The Below is a review I prepared for the Storylines Children’s Literature Charitable Trust.
Kate Parker and Julie Nolan’s Red Leap Theatre adaptation of Shaun Tan’s The Arrival was a visually intriguing and remarkably authentic production of the universal migrant’s tale. The story we all know where danger forces us away from where we are from and what we know, to a new place where we must overcome obstacles in order to reunite with what was left behind. This adaptation of The Arrival powerfully illustrates this through movement, shadow, music and puppetry.
The movement on stage demonstrates fantastic power and fluidity. Performances from the cast demonstrate their prowess in puppetry, dance, acting and even becoming part of the set. The puppetry brings a whole new layer of visual intrigue to the piece. There is phenomenal attention to detail with one of the largest pieces of puppetry on display for only a few seconds. The production shows us that what can be deemed a puppet is simply any prop that that can be brought to life by an actor and that puppetry is not about making the puppeteer disappear, but about bringing an inanimate object to life. This is done with enormous success as the cast mix with the puppets recreating their movement and sound as they skirt around the set.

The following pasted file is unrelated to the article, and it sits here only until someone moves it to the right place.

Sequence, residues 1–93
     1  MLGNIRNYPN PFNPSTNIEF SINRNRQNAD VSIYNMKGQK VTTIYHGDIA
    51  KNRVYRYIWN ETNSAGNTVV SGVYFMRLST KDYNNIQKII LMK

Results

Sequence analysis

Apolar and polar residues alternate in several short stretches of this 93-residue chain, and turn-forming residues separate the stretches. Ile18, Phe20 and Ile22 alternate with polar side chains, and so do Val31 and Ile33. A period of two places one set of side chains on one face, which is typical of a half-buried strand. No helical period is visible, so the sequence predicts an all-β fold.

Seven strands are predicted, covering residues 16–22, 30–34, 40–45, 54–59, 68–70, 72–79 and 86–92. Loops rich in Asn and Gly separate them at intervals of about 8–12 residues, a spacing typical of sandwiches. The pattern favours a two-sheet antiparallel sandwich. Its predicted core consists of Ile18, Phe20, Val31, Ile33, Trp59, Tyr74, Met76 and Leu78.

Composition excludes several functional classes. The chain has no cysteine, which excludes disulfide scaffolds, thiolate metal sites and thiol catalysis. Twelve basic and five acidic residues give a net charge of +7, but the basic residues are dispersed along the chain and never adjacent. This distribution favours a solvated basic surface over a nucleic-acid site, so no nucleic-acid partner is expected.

Naturally, in any adaptation between mediums there are numerous artistic decisions to be made and with Shaun Tan’s The Arrival being such an original book, the translation was bound to be a challenge. Like the book, the production recreates the universally mysterious and unidentifiable new land that, aside from our own empathetic understanding of it, is a mystery. However, the protagonist himself must also represent everyman; as such, the decision to have him speak any language (particularly English) detracted somewhat. The Arrival is equally accessible to people of all languages, cultures and backgrounds. This is a reflection of the true universality of the story told, that in all parts of the world the things we take for granted are often baffling to outsiders.
At the end of the opening show there was tumultuous applause with perhaps a dozen of us on our feet. I do, however, suspect that those who joined me are either familiar with Shaun Tan’s books, or linked with the theatre production themselves. The Arrival stage show is definitely a production best served as a complement to the original piece. At times the ambiguous nature of the action on stage had me confused; but thinking back to a conversation with Shaun Tan during his time here in 2007, The Arrival isn’t necessarily there for interpretation, if you don’t understand what’s happening then you’re probably getting the message.
Image Credit: Shauntan